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2D game programming library for GNU Guile - Moved to Gitorioius and renamed to Sly
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README.org

guile-2d

Guile-2d is a 2D game programming library for GNU Guile. It is a layer above SDL and OpenGL that provides abstractions for common 2D game programming requirements such as:

  • Sprites
  • Animation
  • Tilesets
  • Tile maps
  • Scene graph
  • Input handling
  • Scripting

Inspiration

Every programming language should have a fun, easy to use 2D game library. Guile-2d draws its inspiration from great libraries/frameworks such as LÖVE, Pygame, and Pyglet.

Example

Here is the simplest Guile-2d application (so far).

(use-modules (2d sprite)
             (2d game)
             (2d vector2))

(define (demo-sprite)
  (load-sprite "images/sprite.png"
               #:position (vector2 320 240)))

(define-scene demo
  #:title  "Demo"
  #:draw   (lambda (sprite) (draw-sprite sprite))
  #:state  (demo-sprite))

(define-game simple
  #:title       "Simple Demo"
  #:first-scene demo)

(run-game simple)

Features

Sprites

Sprites encapsulate the presentation of an image or a region of an image.

The simplest way to get started with sprites is to use the load-sprite procedure. All arguments except the filename are optional keyword arguments.

Guile-2d uses the FreeImage library and can load many different image formats. See the FreeImage features page for a full list of supported formats.

(define sprite
  (load-sprite "cirno.png"
               #:position #(0 0)
               #:scale (1 1)
               #:rotation (0)
               #:color white
               #:anchor 'center))

Alternatively, you can make a sprite from an existing texture. The same keyword arguments in load-sprite are also available here.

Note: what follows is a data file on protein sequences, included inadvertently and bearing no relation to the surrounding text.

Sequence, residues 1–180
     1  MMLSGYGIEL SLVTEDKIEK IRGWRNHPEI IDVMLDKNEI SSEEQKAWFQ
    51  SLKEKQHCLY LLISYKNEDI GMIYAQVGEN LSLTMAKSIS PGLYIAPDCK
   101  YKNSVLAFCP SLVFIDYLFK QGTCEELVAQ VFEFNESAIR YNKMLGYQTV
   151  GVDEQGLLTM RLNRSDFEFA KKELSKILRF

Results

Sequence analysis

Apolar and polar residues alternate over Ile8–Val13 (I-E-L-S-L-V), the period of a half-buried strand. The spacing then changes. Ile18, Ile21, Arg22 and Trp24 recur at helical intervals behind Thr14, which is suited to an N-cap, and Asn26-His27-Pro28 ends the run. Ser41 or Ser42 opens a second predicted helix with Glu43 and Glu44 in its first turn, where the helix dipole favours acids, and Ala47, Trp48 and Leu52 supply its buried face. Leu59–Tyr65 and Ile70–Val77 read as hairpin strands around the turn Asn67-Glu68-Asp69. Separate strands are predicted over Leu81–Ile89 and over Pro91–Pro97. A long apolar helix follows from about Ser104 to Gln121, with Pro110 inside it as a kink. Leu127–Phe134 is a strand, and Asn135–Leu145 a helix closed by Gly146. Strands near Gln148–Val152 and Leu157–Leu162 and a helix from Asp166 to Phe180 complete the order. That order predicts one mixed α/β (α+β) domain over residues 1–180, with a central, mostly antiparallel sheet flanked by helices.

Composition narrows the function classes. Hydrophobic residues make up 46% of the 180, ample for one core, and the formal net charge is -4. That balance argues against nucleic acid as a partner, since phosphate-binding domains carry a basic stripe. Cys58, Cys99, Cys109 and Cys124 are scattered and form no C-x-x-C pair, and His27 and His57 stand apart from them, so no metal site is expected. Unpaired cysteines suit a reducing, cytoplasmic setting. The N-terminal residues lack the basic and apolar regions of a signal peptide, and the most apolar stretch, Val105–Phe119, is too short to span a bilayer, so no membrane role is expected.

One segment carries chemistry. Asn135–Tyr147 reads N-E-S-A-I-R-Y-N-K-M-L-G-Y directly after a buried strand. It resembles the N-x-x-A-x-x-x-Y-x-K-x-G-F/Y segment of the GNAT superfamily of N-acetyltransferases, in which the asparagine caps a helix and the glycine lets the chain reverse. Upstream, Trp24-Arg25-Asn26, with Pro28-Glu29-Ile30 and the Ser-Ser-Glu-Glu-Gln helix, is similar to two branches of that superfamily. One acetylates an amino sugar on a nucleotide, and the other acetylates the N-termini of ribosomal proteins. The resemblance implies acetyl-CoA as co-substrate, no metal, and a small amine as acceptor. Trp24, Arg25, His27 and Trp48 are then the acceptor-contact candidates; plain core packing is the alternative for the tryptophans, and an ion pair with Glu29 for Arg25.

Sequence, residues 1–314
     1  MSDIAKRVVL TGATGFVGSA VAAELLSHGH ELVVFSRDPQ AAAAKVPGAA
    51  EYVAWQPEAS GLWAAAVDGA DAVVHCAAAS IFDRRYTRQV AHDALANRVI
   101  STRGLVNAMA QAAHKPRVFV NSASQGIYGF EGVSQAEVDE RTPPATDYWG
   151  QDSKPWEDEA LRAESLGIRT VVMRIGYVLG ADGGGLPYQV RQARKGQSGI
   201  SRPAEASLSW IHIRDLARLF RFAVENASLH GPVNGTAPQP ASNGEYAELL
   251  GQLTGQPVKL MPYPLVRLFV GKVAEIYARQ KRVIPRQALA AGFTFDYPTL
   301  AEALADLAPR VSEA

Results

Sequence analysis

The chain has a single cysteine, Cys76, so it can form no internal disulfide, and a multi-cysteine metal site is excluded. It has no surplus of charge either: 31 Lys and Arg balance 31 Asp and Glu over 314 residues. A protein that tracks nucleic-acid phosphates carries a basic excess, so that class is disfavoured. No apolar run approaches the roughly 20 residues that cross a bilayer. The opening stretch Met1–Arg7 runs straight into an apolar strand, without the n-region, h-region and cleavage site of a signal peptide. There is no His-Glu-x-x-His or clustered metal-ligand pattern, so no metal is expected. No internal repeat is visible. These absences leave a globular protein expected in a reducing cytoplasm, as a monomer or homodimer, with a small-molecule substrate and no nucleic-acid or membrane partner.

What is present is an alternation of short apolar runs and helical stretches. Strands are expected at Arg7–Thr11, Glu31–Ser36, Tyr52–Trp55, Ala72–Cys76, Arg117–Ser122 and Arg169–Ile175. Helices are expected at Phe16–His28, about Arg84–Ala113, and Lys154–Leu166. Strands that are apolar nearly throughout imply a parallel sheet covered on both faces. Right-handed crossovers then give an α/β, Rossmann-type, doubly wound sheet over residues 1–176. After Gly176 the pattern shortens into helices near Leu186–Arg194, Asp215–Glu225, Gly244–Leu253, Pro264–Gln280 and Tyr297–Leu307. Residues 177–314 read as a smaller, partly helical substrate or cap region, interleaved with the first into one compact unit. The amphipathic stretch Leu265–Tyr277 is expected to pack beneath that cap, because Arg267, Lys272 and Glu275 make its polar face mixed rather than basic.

(define sprite (make-sprite (load-texture "cirno.png")))

Position, scale, rotation, color, and anchor are mutable.

(set-sprite-position! sprite #(100 100))

Drawing a sprite is simple.

(draw-sprite sprite)

Sprite Batches

When drawing many sprites, it is inefficient to send them to the GPU individually. Sprite batches resolve this issue by sending sprites to the GPU in large chunks.

To take advantage of this, create a sprite batch and use with-sprite-batch. All calls to draw-sprite will use the sprite batch within this form.

(define sprites (make-a-ton-of-sprites))

(define batch (make-sprite-batch))

(with-sprite-batch batch
  (for-each draw-sprite sprites))

Coroutines and Agendas

The ability to write scripts is very important for most games. A script for an RPG NPC could look like this:

;; Walk up one tile and then down one tile, forever.
(while #t
  (walk 'up)
  (walk 'down))

Unfortunately, running this script as it is means completely locking up the program in an unbounded loop. However, coroutines (and a scheduler known as the “agenda”) are here to save the day! Coroutines are procedures that can be exited at any point and resumed later.

It would be nice if after every call to walk, the NPC would wait for one second before taking its next step. This is where the agenda comes in. The agenda is used to schedule procedures to be run after an arbitrary number of game updates (1 by default). Since coroutines and the agenda go hand in hand, there exists a wait procedure to pause a coroutine and schedule it to be resumed later.

Using a coroutine and the agenda, the NPC script can be rewritten such that it does not halt further program execution.

(agenda-schedule
 (colambda ()
   (while #t
     (walk 'up)
     (wait 60)
     (walk 'down)
     (wait 60))))